PowerShell Version 2 Compatible Function to Determine Windows Firewall State

I recently had a need to perform some security auditing on an environment that still has some servers running PowerShell version 2 (PowerShell version 2 is deprecated). One of the things I needed to determine was whether or not the Windows firewall was enabled on each of the servers in the environment. Luckily, all of the servers at least had PowerShell remoting enabled.

The PowerShell function shown in the previous code example is a wrapper for the Netsh.exe command. The commands that are going to be executed are stored in a here-string and then converted to a script block within the parameters hash table. It uses Invoke-Command to execute Netsh on the remote servers and them uses Select-String to parse down the data to only the lines that are necessary. The results are turned into a usable custom object in a For loop that uses Select-String again to parse out some of the unnecessary information from each of the remaining lines. If the credential parameter is specified, it’s also added to the parameters hash table. Splatting is used with Invoke-Command.

Custom error handling has been added to allow the function to take advantage of running against multiple computers at the same time via Invoke-Command while providing the user with feedback when errors occur such as being unable to connect to the remote computer.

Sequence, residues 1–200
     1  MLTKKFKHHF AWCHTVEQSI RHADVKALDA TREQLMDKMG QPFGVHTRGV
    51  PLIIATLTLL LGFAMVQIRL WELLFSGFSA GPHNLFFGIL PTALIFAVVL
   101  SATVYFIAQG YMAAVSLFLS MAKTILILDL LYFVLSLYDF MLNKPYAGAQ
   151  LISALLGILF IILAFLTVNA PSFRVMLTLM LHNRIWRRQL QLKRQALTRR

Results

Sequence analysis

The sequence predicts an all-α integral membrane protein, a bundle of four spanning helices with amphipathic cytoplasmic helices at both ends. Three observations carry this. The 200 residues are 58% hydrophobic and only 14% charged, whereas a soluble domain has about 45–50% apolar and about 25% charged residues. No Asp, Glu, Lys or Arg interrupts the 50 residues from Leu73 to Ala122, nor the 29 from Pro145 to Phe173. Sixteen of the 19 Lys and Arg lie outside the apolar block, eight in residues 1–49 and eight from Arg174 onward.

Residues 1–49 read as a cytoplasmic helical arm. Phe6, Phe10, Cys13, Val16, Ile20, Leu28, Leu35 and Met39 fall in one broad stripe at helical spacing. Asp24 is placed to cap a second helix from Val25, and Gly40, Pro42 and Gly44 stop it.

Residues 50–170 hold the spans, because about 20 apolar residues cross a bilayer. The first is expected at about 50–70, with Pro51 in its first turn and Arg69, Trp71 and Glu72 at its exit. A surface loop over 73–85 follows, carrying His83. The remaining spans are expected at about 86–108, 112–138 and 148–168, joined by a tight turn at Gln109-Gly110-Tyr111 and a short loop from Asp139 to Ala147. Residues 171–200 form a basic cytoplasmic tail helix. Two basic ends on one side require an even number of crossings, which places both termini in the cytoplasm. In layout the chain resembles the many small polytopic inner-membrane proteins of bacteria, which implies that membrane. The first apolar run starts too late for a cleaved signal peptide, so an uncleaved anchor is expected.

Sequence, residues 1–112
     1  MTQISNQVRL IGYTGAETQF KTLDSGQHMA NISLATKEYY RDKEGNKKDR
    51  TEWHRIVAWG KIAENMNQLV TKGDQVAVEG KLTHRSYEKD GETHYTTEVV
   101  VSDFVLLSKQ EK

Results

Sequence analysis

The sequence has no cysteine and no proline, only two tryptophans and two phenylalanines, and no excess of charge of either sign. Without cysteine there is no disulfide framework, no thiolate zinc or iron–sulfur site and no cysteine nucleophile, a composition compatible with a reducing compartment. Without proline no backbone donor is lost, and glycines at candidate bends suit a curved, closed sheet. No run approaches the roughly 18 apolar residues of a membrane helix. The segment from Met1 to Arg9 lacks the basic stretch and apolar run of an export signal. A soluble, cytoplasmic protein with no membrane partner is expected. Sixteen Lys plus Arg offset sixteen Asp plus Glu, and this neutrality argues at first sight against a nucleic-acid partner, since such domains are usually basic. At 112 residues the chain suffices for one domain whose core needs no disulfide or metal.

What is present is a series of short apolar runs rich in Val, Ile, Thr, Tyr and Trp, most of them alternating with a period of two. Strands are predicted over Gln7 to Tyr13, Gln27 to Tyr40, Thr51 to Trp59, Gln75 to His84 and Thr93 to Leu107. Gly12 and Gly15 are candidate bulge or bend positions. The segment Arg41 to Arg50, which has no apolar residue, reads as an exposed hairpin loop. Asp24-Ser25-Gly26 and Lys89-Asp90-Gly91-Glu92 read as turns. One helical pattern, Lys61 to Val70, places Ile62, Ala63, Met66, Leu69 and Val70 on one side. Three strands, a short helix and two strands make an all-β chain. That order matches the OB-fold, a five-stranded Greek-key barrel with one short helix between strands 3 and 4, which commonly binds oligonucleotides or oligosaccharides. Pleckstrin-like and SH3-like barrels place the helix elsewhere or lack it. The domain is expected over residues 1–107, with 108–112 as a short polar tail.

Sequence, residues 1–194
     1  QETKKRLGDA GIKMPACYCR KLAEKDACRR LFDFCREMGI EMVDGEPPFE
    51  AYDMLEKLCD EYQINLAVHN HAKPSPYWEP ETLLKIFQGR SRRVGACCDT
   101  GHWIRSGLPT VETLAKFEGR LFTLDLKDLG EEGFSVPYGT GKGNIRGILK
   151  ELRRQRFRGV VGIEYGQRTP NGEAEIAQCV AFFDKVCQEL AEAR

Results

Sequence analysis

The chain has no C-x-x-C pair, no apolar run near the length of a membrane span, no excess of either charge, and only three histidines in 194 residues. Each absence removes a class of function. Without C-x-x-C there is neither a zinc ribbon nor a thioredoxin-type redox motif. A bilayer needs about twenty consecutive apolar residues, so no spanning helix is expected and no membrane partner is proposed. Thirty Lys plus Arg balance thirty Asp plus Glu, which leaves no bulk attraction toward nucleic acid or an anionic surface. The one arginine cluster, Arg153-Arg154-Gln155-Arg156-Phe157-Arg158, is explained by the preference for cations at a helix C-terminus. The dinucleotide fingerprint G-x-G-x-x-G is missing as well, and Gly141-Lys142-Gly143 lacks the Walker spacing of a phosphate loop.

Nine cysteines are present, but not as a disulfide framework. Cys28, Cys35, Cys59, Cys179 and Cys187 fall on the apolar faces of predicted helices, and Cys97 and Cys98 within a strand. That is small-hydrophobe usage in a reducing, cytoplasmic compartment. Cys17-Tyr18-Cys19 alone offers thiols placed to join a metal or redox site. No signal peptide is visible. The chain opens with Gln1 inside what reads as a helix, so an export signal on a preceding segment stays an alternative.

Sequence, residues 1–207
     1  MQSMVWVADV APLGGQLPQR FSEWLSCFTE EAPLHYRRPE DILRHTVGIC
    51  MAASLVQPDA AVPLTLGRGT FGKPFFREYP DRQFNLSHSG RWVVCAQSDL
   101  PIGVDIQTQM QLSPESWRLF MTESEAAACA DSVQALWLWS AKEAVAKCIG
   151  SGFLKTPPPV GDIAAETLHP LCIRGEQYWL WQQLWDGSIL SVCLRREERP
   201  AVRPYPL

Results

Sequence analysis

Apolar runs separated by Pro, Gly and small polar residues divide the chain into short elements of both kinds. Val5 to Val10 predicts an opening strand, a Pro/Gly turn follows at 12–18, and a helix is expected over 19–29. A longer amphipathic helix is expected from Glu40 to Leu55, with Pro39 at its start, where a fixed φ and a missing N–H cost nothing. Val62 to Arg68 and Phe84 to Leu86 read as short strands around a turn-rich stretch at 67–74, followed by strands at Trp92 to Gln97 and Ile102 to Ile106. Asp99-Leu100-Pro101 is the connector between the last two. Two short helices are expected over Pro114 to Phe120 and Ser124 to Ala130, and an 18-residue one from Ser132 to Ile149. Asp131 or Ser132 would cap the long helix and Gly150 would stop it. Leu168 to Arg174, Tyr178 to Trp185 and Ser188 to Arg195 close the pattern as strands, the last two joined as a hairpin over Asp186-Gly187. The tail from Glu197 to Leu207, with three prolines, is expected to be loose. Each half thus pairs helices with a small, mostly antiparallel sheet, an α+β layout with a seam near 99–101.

I found that two different errors (access denied and logon failure) can be returned which both mean access denied. During the last few months, I’ve performed a technical technical review on the “Windows Server 2016 Automation with PowerShell Cookbook“. Based on reviewing Thomas Lee‘s PowerShell code, I learned that the Match operator can be used similarly to the Like operator except without the need to specify wildcard characters. I had previously only used it when I needed to specify a regular expression.

If you’re going to use the GroupBy parameter of Format-Table, you have to sort by that property first.

If the function is run against the local computer, the script block is simply invoked. While this doesn’t cover all scenarios where the local computer could be specified, it’s a great option for testing against a local computer where PowerShell remoting isn’t enabled.

This task is much easier to accomplish with newer versions of PowerShell using the Get-NetFirewallProfile cmdlet which was introduced in PowerShell version 3.0.

Here’s a bonus tip: Even though commands such as Get-NetFirewallProfile don’t have a ComputerName parameter, a computer name can be specified with the CimSession parameter without needing to first create a CIM session. A CIM session will automatically be created behind the scenes using the WSMan protocol and then it will be automatically removed once the command completes (a special thanks to Richard Siddaway for clarifying this for me a few weeks ago).

The Get-MrNetFirewallState function shown in this blog article can be downloaded from my PowerShell repository on GitHub.


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